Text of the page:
Summary: Starting at $1,899.00 without an SSD, the top ThinkPad X1 Carbon carries with it a decent price jump from its $1,329.00 entry level variant. With a faster CPU, higher resolution screen offering touch capabilities and more RAM, it comes as little surprise.
Conclusion: Still, we have no doubt that business users who spend a lot of time on the road will love the new ThinkPad X1 Carbon. If you're looking for a thin and light ultrabook that doesn't skimp on performance or durability, the Carbon should be at the top of your list.
Pros: Thin and light, Vivid touch screen with wide viewing angles, Speedy performance, Excellent typing feel, Adaptive function keys
Cons: Expensive, Not the longest battery life, Harsh audio, Annoying keyboard layout, Stiff upper mouse buttons
Summary: Luxury for the executive level. Ultrabooks are normally designed for home users – but that's not always the case. Lenovo's ThinkPad X1 Carbon, for example, targets affluent business customers who are willing to spend almost 2000 Euro (~$2800) for the top-of-the-line version.
Pros: light and sturdy chassis, very quiet, large ClickPad, integrated UMTS modem, backlit keyboard, input devices offer great feedback, good viewing angle stability (90°), very good battery life, spacious SSD with 512 GB capacity, semi-matte touch display, HDMI & Ethernet via dongle, Gone are the clun...
Cons: very high price, integrated touchpad mouse buttons, webcam quality is marginal, lacks true Fn-keys, Innovation can also have its drawbacks: the redesigned touchpad without dedicated buttons and the rather unusual Fn function-row is going require a serious adjustment period for long-term ThinkPad ...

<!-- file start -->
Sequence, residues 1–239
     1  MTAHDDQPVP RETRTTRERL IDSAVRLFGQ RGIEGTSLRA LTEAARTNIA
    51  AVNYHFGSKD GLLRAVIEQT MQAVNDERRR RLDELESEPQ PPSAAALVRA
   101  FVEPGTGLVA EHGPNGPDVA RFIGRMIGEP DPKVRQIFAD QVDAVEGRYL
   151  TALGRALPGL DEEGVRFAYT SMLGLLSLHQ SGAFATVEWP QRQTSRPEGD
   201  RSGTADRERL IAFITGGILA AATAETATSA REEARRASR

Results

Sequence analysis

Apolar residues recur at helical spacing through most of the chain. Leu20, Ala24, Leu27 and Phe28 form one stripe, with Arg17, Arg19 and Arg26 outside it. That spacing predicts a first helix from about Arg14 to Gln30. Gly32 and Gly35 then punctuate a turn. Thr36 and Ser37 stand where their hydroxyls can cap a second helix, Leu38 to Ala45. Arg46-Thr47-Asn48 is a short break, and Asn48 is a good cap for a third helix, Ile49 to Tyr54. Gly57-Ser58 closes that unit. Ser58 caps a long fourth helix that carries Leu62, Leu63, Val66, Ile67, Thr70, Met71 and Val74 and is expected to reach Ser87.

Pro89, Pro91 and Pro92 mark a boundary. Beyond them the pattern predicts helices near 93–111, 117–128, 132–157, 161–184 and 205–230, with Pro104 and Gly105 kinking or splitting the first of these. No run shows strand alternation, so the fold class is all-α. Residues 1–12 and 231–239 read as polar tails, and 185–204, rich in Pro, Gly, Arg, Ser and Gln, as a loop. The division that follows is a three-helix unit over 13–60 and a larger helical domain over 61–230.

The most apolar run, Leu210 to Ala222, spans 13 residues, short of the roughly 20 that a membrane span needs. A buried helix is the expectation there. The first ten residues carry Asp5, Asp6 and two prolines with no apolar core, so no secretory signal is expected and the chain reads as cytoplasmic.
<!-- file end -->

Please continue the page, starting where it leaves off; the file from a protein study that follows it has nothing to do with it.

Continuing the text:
Lenovo's ThinkPad X1 Carbon Touch: A lightweight contender
21 February 2014
Summary: The Lenovo Thinkpad X1 Carbon Touch is the rare notebook that does just about everything well, from performance and battery life to its touch abilities and superb display. Its $1,399 price tag is relatively high, but if you want the best, it is worth every penny.
Pros: Thin and light, ultra high resolution display, great performance, folds flat on tabletop, good battery life, innovative "adaptive" keyboard
Summary: Experiment. . The 2013 edition of the X1 Carbon came pretty close to a rating of "very good". Still, Lenovo has not stopped improving its premium ultrabook series, adding a WQHD IPS panel to the 13-inch device while also improving its battery life and implementing new input devices / ports.
Pros: lightweight, sturdy chassis, usually quiet, very large clickpad, integrated LTE modem, backlit keyboard, highly responsive input devices, superb viewing angles (90°), great battery life, battery charges quickly (compared to discharge), matte touch display (film), HDMI & Ethernet now available via...
Cons: CPU exhibits some throttling, bad webcam, no real F keys, A better webcam. A CPU without throttling issues.
Summary: In terms of brand recognition, Lenovo's ThinkPad probably has some of the best "brand equity" of just about any notebook line in the history of Windows PCs. A favorite among IT managers for their rugged reliability, especially in business environments, Lenovo's ThinkPad brand, previously acquired...
Conclusion: The ThinkPad X1 is a tantalising combination of power and ruggedness that should appeal to anyone after a regular travel companion. It’s just a massive shame that the battery dies so fast, and usability isn’t as strong as we hoped.
Pros: Ultra sturdy. Can handle spills with ease, Great performance (for an ultraportable), Vibrant screen with good viewing angles
Summary: The Lenovo ThinkPad X1 Carbon has some things going for it. This 14-inch business Ultrabook sports an extremely thin and light design, an optional WQHD touch display, a powerful / power efficient Intel 4th Generation Core Series processor, and a durable chassis.